5202.0 - Spotlight on National Accounts, 2006  
Previous ISSUE Released at 11:30 AM (CANBERRA TIME) 15/11/2006  First Issue
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The Australian System of National Accounts (ASNA) provides a systematic framework for the presentation of statistics that provide a wide range of information about the Australian economy. ASNA provides policy makers, researchers and analysts with a comprehensive set of information that facilitates analysis of the various industries and sectors of the economy and the way they relate to each other and the rest of the world. They are also a helpful tool for monitoring and understanding the economic impacts of events that occur in the environmental and social spheres.

Although there is a wide range of information presented in the ANSA, many users of national accounts data focus on Gross Domestic Product (GDP). GDP is the total value of goods and services at market prices produced in Australia within a given period after deducting the cost of goods and services used up in the production process. The change in GDP over time, in volume terms (exclusive of the effects of price change), is often considered to be equivalent to a change in the well-being of the people of a country.

Aside from the historical focus on GDP there are a number of reasons why it is considered by the majority of users to be the most complete summary measure presented in the ASNA. First, GDP provides a summary of all production within a single period, and data exist on a comparable basis going back to the 1950's. Second, it can be used to compare nations to provide an insight into their relative economic performance.

However, for some types of analyses, GDP has significant limitations. GDP does not take into account the effect of changes in a nation's Terms of trade or Net income from overseas or Consumption of fixed capital (often referred to as 'depreciation'). These factors mean that GDP may not be the preferred measure when an analyst wishes to understand the extent to which current production processes are sustainable or the extent to which changes in production give rise to changes in the income of the population at large. These factors can also impact on analysis of the relativities between nations.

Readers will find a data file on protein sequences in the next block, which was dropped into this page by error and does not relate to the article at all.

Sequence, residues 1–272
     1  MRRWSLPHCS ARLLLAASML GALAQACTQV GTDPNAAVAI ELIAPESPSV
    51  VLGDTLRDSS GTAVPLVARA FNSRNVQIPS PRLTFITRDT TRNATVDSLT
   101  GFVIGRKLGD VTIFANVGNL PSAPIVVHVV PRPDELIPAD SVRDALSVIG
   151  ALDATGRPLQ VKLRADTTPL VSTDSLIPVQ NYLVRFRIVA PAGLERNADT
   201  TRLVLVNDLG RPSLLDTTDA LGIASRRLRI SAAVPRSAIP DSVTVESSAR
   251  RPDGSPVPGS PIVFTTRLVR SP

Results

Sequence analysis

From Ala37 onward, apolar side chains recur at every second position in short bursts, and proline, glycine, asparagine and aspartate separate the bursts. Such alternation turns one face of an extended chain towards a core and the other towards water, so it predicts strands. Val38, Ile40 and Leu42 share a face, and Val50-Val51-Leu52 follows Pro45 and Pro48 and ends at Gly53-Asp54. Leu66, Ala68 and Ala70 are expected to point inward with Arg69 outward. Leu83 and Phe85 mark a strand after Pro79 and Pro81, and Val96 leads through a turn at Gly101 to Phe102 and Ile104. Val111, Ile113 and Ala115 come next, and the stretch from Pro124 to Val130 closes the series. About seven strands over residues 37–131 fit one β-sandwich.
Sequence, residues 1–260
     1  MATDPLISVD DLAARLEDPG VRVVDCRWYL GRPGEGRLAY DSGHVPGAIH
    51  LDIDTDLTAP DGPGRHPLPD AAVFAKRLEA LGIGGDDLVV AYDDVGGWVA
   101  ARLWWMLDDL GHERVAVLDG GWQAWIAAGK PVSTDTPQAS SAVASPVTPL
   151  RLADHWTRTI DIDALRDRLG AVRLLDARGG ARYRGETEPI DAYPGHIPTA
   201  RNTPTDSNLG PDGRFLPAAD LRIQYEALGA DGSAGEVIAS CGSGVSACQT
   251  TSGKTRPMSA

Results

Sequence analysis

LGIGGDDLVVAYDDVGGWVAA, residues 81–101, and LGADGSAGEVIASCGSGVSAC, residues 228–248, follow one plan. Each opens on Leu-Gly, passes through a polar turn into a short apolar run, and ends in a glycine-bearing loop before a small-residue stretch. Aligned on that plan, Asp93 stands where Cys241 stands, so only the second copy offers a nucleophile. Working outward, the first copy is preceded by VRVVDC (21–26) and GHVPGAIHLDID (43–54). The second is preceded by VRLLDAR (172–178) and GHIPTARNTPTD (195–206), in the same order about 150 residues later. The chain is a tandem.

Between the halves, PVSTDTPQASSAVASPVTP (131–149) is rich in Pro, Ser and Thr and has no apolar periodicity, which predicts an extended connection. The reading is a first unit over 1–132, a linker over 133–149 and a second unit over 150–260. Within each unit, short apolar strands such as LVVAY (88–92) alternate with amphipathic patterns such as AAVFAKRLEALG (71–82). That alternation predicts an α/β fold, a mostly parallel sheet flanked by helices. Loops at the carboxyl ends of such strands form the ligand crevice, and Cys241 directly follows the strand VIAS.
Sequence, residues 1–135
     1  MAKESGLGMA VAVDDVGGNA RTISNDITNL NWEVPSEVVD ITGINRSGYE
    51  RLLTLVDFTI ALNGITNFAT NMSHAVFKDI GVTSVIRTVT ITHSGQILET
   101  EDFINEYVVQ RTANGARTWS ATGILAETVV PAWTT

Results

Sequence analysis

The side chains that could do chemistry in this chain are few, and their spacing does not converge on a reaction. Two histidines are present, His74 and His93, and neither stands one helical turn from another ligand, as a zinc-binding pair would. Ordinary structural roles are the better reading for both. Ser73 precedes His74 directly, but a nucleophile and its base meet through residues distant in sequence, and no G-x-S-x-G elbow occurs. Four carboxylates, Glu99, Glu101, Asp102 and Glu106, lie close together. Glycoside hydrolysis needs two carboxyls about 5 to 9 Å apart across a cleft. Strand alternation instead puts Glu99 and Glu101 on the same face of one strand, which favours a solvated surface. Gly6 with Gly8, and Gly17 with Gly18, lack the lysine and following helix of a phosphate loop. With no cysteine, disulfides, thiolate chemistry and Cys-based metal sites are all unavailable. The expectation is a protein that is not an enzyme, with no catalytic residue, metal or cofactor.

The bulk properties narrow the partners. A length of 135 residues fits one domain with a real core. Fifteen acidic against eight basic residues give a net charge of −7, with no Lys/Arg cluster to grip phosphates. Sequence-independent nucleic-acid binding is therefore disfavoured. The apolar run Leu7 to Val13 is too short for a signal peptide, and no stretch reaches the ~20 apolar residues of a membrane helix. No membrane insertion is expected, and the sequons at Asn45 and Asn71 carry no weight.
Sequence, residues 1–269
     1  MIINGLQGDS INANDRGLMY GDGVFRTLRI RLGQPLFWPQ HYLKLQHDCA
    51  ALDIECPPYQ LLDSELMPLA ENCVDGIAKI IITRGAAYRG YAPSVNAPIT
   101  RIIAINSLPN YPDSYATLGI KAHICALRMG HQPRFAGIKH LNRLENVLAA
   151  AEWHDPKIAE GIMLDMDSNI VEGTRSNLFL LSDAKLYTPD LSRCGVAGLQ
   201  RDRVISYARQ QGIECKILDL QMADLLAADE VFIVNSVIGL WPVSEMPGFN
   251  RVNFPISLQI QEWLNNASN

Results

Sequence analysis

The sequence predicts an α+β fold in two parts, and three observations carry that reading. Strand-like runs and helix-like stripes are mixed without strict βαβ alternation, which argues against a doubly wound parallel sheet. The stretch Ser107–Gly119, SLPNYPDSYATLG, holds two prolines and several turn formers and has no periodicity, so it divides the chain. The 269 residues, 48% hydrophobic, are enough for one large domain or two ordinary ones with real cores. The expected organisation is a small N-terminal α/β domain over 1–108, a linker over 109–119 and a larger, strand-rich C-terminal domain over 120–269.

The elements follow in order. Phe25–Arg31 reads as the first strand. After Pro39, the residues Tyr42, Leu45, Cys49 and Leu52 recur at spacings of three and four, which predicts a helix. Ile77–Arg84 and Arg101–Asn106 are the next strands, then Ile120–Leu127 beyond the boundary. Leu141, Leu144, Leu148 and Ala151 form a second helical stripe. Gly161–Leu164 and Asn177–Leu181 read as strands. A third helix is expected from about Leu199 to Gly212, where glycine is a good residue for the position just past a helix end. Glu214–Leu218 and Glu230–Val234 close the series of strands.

The first section of this Spotlight presents a number of the alternative summary measures currently available in the ASNA and compares them to GDP to highlight their respective uses. The second section introduces other measures of progress produced by the ABS.


A number of alternative summary measures to GDP are included in both the quarterly Australian National Accounts: National Income, Expenditure and Product (cat. no 5206.0) and annual Australian System of National Accounts (cat. no. 5204.0). Four of these measures are outlined below. Each measure is useful to assess different aspects of progress. Which measure to use depends somewhat on the focus of the analysis.

      • Net domestic product (NDP): GDP adjusted for the Consumption of fixed capital (depreciation). GDP is a measure of economic activity within a single period and does not account for previously created fixed assets (machinery, buildings and other produced capital) that are used up in the production process. NDP can be interpreted as a measure that takes into account the sustainability of economic growth with respect to fixed assets.
      • Real gross domestic income (RGDI): GDP adjusted for changes in Australia's Terms of trade (the Terms of trade represents the relationship between the prices of exports and imports). In periods of strong increases (decreases) in the Terms of trade, focusing solely on GDP would not take into account the affect of increased (decreased) income available to Australian residents.